1. Home

Sample Christmas Color Combinations

page 2 

Glenna J. Morton
 
 Email to a friend
 Printer friendly version

Related Resources
• Christmas Decorating Principles
• Christmas Special
• Christmas Nosegays

Related Resources
• Holiday Centerpieces
• Choosing a Tree
• Tree Decor

Related Resources
• Choosing a Holiday Theme
• Do It Yourself Holiday Projects
• Holiday Tablesettings

About Interior Decorating
Subscribe to the Free Newsletter
Your Email Address:

Part 2: Choose your color theme then strive for consistency

The Importance of Color - In some ways color is more important than actual design elements, since most people respond strongly to color.

Picture walking into an all white space with one bowl of apples as the only other color in the room. The apples might be bright red, vibrant green, or pale yellow . They might be spray painted white, purple, orange, gold, or silver.

Each color would most likely evoke different feelings in the onlooker. If you love red, then the red apples will be your favorite. If you are devoted to everything white, then the painted white ones might be your choice.

In this example it is easy to see that the color of the item has more importance than the actual item. After all, a bowl of styrofoam balls painted these colors would evoke nearly the same color responses. So, the lesson is to figure out which colors make you feel happy , then use those colors for decorating.

Color Combinations - When mixing colors it may be helpful to remember that most colors of equal depth will harmonize with each other. Pastels, for example, can be mixed with ease -- pink, peach, butter, baby blue, lilac, and mint.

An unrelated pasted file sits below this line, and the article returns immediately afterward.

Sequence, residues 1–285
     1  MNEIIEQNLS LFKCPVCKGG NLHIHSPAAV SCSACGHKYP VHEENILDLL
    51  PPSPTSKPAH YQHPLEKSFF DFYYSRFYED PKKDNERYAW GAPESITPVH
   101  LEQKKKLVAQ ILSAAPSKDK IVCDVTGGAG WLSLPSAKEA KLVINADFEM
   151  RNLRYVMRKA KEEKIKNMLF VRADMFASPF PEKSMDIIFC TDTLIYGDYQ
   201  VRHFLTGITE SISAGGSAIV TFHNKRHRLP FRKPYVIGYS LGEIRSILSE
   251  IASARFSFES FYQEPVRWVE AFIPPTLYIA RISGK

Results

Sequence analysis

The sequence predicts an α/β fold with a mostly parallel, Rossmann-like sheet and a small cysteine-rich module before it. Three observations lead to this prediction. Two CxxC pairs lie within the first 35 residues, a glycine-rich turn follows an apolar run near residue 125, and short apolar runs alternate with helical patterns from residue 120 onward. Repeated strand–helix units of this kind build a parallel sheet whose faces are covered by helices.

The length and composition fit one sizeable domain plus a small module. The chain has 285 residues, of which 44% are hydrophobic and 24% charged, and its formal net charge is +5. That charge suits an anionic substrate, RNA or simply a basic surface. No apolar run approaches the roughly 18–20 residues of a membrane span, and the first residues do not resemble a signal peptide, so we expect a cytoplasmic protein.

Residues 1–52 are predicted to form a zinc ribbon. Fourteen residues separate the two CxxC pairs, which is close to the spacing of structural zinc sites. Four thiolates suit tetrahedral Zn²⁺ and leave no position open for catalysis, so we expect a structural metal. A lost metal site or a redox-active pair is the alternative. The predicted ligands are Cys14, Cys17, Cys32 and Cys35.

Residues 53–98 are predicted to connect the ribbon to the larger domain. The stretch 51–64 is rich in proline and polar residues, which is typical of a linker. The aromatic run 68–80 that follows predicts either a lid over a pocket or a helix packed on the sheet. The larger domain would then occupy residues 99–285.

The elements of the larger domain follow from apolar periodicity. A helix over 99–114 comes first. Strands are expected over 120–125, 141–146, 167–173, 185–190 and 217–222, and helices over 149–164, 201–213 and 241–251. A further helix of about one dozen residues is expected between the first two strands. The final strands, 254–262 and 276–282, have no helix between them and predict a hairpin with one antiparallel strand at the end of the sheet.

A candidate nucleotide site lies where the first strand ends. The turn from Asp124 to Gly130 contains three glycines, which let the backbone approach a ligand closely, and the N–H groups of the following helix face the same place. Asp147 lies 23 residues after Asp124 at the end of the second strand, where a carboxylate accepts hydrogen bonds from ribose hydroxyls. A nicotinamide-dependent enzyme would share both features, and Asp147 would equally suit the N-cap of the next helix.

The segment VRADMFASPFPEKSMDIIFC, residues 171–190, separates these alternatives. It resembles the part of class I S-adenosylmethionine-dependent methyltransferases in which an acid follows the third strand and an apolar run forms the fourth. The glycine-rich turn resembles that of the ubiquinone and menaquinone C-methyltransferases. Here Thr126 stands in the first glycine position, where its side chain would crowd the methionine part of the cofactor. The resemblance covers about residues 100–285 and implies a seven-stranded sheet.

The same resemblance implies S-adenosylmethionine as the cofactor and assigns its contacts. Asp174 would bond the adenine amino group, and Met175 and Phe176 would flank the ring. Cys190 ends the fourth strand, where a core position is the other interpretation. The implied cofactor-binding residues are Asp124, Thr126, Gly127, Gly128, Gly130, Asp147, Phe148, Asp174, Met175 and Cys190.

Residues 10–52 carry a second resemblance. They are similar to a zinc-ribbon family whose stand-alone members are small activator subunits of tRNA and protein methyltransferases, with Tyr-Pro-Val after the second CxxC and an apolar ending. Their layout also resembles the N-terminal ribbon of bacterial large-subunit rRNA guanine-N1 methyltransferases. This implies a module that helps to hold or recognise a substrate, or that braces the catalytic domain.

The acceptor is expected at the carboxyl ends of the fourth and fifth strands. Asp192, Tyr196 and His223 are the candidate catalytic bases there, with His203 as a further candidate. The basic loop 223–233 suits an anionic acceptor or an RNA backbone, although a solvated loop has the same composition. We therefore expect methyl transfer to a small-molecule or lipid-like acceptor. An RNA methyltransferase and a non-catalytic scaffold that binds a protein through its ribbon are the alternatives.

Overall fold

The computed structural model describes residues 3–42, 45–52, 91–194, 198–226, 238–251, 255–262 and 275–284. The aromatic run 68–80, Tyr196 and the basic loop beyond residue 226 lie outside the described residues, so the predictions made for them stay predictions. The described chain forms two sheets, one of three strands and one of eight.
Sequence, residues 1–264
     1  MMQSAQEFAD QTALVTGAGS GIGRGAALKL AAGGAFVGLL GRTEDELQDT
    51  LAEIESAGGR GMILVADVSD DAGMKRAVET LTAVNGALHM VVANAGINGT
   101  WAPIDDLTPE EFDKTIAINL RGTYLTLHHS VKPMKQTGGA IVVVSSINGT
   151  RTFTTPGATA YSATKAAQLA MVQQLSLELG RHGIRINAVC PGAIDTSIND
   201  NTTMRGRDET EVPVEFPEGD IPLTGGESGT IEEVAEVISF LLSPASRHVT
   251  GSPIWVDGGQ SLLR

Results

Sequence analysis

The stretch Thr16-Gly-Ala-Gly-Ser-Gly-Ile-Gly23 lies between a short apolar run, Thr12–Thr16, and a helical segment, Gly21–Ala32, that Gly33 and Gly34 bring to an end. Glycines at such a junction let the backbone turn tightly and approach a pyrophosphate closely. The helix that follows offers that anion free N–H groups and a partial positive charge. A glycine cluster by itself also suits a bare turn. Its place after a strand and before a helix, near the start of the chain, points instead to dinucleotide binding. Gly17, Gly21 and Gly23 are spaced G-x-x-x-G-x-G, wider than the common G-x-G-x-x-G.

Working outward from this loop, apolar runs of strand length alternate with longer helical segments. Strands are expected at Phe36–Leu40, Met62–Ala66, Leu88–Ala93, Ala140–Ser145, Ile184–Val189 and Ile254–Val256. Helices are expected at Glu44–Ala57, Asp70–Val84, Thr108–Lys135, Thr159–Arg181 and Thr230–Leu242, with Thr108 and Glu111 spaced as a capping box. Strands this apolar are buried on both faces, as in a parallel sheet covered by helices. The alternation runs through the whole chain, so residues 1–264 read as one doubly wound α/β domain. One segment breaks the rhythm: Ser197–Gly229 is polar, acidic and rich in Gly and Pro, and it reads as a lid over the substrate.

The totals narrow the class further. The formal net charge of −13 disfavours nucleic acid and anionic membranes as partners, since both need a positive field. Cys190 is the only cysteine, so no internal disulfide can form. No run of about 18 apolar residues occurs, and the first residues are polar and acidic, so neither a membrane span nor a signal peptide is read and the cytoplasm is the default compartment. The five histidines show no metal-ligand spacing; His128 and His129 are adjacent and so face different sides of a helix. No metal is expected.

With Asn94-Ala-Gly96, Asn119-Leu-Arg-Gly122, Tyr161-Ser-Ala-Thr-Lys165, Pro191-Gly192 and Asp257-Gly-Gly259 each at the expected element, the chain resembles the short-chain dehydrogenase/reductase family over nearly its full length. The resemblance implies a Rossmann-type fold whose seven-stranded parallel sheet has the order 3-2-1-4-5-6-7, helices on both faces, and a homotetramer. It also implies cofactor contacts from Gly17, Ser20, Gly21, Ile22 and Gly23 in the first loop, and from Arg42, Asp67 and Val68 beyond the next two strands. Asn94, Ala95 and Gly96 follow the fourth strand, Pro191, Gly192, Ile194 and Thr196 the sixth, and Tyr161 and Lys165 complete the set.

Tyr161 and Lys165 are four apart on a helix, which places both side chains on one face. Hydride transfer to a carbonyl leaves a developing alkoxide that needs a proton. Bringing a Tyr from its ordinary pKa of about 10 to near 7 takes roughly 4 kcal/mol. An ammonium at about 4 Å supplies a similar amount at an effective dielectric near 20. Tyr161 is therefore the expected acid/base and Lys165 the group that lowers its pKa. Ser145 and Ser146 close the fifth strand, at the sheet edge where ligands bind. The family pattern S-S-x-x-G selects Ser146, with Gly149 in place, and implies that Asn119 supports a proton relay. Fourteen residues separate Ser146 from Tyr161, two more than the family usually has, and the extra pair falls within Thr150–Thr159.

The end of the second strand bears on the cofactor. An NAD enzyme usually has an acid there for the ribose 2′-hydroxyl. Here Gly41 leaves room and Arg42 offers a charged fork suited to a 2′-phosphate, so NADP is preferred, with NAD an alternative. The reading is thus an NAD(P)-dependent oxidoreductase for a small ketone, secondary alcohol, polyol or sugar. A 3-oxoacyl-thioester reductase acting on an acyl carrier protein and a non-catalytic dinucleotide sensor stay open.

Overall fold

Or the deep jewel tones of navy, hunter, and deep red will also combine well. In addition, most colors can be combined with either white or ivory, or with a metallic tone (brass, gold, silver, pewter, rusted iron, etc.) for a harmonious look.

Sample Color Schemes - Here are just a few of the endless color combinations that might be used for the holidays:

  • red and green
  • red and white
  • all white
  • any color and gold
  • any color and white
  • any color and silver
  • white, blue, and silver
  • ivory and brushed gold
  • sage green, ivory, and pewter
  • bright purple, blue, and green
  • icy blue, lilac, and silver
  • autumn tones of beige, brown, golden yellows, and rust
  • forest green, burgundy, gold
  • primary toy color such as red, yellow, blue

Not sure what to choose? Browse holiday gift wraps and examine the ones that catch your eye. What style are they? What themes or motifs are included? What colors do they use? You're sure to find some wonderful choices.

Monochromatic - In a monochromatic scheme only one color (with its variations from light to deep) is the star . Use all red decorations, or all green -- from pale lime to deep forest. Cool it off with a variety of blues from icy to midnight, or play it down with an all white motif.

Another way to add interest to a monochromatic scheme is with proportion and texture. Varying the size of ornaments and decorations will add interest and balance. Also, be sure to introduce some texture into a monochromatic scheme by using ribbon, garland, painted branches, matte vs. shiny finishes, and so forth.

Warm vs. Cool - Use the underlying properties of color -- their warmth or coolness -- to help you choose colors. In winter we often gravitate toward warmer tones of reds, warm yellows, and golden colors. But if your favorite decorations are snow themed you might want to use icy cool colors such as blue, lilac, silver, and white. Even all neutral color schemes have a warm or cool undertone -- many grays are on the cooler side while many beiges are on the warmer side. Back to Page 1 or Christmas Decorating Principles

 
 ~ Glenna J. Morton
previous |1 |2

©2014 About.com. All rights reserved.